Hedging is, of course, a ubiquitous practice in FS and there are well-developed classical computational approaches for implementing this risk mitigation strategy. The challenge has been the computational cost and time-to-solution for more complex hedges and longer timeframes. Today, JPMorgan Chase and quantum algorithm specialist QC Ware issued a paper (Quantum Deep Hedging) that breaks new ground in using Deep Hedging on a quantum computer.
“We prove that the quantum neural networks we use are trainable, and we perform extensive simulations that show that quantum models can reduce the number of trainable parameters while achieving comparable performance and that the distributional approach obtains better performance than other standard approaches, both classical and quantum,” write the researchers[i].
The work was done on Quantinuum H1-1 and H1-2 trapped-ion QPUs and used circuits with up to 16 qubits. The team performed inference using two sets of Quantum Deep Hedging models which were classically pre-trained. “First, we used the policy-search based algorithm with the LSTM and Transformer architectures instantiated with 16-qubit orthogonal layers. Second, we used the novel distributional actor-critic algorithm instantiated with compound neural networks using up to 12 qubits. We observed close alignment between noiseless simulation and hardware experiments, with our distributional actor-critic models again providing best performance,” according to the paper.
It’s thought the financial services sector will be an early adopter of quantum computing because it has both the need and resources. Here is a little more background (lightly edited) on the hedging use case as described in the paper:
“Classical financial mathematics provides optimal hedging strategies for derivatives in idealized friction-less markets, but for real markets these strategies must be adapted to take into account transaction costs, market impact, limited liquidity, and other constraints. Deep Hedging is a framework for the application of modern reinforcement learning techniques to solve this problem.
“One starts by defining a reinforcement learning environment for the hedging problem and a trading goal of maximizing a risk-adjusted measure of cumulative future returns. Then, one can apply standard deep reinforcement learning algorithms, such as policy-search or actor-critic approaches, by designing neural network architectures to model the trading strategy and by defining a training loss function to find the optimal parameters that maximize the trading goal.
“Beyond Deep Hedging, the applicability of machine learning to finance has grown significantly in recent years as highly efficient machine learning algorithms have evolved over time to support different data types and scale to larger data sets. For instance, supervised learning can be used for asset pricing or portfolio optimization, unsupervised learning for portfolio risk analysis and stock selection, and reinforcement learning for algorithmic trading.”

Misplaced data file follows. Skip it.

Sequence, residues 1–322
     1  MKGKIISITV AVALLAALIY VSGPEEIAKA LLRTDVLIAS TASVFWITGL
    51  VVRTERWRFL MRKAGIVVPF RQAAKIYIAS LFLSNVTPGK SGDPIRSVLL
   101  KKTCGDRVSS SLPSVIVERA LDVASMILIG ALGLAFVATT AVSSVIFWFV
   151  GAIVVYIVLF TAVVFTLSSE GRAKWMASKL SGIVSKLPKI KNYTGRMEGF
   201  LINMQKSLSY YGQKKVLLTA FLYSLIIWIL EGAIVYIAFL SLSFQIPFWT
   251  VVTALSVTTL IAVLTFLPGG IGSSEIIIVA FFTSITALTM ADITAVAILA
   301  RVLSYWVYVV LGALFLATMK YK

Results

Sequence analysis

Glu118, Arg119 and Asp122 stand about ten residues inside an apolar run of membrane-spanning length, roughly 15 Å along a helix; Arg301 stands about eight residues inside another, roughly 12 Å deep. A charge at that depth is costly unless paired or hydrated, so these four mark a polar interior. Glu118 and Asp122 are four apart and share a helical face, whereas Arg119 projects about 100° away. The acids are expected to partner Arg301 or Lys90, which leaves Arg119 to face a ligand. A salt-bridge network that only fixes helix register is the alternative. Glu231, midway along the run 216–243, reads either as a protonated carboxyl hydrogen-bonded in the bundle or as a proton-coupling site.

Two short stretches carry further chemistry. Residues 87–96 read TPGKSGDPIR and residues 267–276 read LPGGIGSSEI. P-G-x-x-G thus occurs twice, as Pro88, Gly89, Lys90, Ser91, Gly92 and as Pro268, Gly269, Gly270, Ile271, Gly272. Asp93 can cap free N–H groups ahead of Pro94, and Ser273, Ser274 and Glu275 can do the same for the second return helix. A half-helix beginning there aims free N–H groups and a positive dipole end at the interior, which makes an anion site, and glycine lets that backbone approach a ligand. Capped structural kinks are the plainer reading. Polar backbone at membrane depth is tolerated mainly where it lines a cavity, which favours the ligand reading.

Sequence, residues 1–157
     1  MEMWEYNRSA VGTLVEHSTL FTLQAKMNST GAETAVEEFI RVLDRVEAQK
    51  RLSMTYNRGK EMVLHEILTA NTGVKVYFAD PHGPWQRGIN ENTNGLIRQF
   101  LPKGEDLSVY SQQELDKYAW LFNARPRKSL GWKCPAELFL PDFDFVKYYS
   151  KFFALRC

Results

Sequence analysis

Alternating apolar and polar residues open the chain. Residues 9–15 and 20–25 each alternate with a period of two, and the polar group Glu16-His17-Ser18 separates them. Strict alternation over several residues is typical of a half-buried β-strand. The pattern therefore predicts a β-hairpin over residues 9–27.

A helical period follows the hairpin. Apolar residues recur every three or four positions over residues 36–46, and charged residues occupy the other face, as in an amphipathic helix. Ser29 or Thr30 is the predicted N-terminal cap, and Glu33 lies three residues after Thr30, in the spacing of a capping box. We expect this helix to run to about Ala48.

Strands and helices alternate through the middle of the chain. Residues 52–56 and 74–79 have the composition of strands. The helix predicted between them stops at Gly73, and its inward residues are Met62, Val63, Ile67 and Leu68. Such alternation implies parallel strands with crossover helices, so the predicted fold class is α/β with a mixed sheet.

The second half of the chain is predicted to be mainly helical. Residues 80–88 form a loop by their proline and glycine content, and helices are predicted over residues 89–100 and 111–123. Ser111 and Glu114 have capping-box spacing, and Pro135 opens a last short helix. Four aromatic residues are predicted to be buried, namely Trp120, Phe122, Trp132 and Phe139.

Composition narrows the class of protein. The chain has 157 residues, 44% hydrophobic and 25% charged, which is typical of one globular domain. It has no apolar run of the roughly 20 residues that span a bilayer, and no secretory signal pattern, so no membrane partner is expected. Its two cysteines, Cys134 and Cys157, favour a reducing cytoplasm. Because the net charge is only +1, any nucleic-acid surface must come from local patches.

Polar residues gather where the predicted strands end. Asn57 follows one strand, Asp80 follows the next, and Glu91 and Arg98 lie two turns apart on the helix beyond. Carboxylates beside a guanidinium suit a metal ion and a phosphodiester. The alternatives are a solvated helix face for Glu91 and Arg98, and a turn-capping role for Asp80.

This work looked at quantum networks with orthogonal and with compound layers. The is paper is best read directly. The researchers say, “We believe our quantum reinforcement learning methods have applications beyond Deep Hedging, for example for algorithmic trading or option pricing, and it would be interesting to develop specific quantum methods for such problems. Note that in these use cases the training data can be produced efficiently, removing the bottleneck of loading large amounts of data onto the quantum computer.”
That said, the authors acknowledge open questions remain.
Iordanis Kerenidis, head of quantum algorithms at QC Ware, is quoted in press release, “The results achieved with JPMorgan Chase demonstrate the huge potential and applicability of quantum machine learning, both today, by using quantum ideas to provide novel models with classical hardware, and also leveraging the continuously more powerful quantum hardware we anticipate in the future.”
Marco Pistoia, managing director, head of Global Technology Applied Research, JPMorgan Chase, noted. “As quantum computing continues to mature, JPMorgan Chase’s leading position will only be further solidified via future-ready algorithms that will produce continually improving results.” (See earlier HPCwire article, JPMorgan Chase Bets Big on Quantum Computing)
Link to paper, https://arxiv.org/pdf/2303.16585.pdf
[i] El Amine Cherrat1,2*, Snehal Raj1, Iordanis Kerenidis1,2, Abhishek Shekhar3, Ben Wood3, Jon Dee3, Shouvanik Chakrabarti4, Richard Chen4, Dylan Herman4, Shaohan Hu4, Pierre Minssen4, Ruslan Shaydulin4, Yue Sun4*, Romina Yalovetzky4, Marco Pistoia4
1QC Ware 2Université de Paris, CNRS, IRIF 3Quantitative Research, JPMorgan Chase 4Global Technology Applied Research, JPMorgan Chase